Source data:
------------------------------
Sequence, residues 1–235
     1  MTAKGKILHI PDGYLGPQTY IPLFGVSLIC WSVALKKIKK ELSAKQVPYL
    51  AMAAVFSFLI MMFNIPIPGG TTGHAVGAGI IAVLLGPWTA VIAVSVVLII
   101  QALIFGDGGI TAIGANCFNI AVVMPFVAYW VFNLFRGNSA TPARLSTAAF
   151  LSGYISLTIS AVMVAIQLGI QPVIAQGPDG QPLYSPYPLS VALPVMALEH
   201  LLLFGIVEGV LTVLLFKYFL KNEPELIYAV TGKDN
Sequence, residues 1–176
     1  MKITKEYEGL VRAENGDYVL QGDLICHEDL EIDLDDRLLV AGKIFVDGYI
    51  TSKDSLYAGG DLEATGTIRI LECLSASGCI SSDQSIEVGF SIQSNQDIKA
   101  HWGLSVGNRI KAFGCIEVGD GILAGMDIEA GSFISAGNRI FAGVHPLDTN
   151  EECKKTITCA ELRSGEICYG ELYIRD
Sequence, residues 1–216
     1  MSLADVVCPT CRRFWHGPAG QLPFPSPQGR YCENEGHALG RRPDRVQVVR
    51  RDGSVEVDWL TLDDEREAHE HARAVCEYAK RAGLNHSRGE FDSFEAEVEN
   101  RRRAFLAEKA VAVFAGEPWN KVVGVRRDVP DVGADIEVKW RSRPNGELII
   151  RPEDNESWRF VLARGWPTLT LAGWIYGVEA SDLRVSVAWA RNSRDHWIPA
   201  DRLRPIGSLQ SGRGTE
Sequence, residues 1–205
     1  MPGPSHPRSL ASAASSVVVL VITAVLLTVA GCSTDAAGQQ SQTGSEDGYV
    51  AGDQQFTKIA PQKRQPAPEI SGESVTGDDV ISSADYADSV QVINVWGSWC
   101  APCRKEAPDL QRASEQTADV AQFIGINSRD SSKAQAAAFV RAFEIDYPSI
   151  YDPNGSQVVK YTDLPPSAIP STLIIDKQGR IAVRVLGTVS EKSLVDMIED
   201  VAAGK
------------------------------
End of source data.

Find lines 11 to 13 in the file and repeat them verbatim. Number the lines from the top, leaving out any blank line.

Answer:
   151  EECKKTITCA ELRSGEICYG ELYIRD
Sequence, residues 1–216
     1  MSLADVVCPT CRRFWHGPAG QLPFPSPQGR YCENEGHALG RRPDRVQVVR